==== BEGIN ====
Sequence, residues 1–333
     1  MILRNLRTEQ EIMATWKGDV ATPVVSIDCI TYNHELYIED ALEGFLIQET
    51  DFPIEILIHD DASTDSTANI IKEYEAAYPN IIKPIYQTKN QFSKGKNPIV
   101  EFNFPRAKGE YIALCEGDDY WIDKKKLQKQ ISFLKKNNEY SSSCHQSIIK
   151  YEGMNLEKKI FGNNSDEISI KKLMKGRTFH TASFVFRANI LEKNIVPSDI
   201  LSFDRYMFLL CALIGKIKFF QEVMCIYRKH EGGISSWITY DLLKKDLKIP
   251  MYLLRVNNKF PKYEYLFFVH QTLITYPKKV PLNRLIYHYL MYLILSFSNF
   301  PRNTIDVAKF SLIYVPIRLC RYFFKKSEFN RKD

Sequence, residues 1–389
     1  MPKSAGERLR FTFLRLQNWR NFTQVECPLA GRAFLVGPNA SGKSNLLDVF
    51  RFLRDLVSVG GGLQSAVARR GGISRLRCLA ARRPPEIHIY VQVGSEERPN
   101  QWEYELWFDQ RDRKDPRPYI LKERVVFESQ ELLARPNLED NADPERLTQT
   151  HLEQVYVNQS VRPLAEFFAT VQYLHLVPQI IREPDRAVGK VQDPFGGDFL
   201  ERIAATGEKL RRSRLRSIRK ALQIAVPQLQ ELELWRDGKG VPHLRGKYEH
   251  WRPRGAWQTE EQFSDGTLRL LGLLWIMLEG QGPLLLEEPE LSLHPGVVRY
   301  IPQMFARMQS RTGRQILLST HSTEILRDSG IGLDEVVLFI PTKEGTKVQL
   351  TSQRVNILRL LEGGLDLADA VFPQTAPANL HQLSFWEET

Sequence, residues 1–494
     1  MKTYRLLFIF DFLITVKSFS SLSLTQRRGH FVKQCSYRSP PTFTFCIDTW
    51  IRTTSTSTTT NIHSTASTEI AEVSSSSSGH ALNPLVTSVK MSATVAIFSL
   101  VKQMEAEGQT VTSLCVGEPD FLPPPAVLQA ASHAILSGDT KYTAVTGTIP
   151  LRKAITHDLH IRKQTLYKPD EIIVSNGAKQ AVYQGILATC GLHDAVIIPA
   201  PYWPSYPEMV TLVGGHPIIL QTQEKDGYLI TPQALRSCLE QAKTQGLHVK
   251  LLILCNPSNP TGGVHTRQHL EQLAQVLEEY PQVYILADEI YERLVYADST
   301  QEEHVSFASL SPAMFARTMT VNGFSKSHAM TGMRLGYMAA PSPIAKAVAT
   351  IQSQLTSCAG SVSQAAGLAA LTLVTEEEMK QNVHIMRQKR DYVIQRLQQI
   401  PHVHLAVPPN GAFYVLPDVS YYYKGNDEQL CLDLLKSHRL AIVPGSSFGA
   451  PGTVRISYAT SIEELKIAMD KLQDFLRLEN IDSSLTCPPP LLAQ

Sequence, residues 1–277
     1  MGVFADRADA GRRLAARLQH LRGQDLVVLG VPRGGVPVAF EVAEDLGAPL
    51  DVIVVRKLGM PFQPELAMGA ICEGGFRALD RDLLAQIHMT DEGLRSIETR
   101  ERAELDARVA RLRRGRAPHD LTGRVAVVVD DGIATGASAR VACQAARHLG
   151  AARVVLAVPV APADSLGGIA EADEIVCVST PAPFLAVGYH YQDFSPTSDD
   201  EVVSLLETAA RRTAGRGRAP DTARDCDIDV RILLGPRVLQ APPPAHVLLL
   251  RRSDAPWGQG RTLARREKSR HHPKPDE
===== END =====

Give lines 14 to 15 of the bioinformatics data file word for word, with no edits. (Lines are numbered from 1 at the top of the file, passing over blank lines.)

   201  ERIAATGEKL RRSRLRSIRK ALQIAVPQLQ ELELWRDGKG VPHLRGKYEH
   251  WRPRGAWQTE EQFSDGTLRL LGLLWIMLEG QGPLLLEEPE LSLHPGVVRY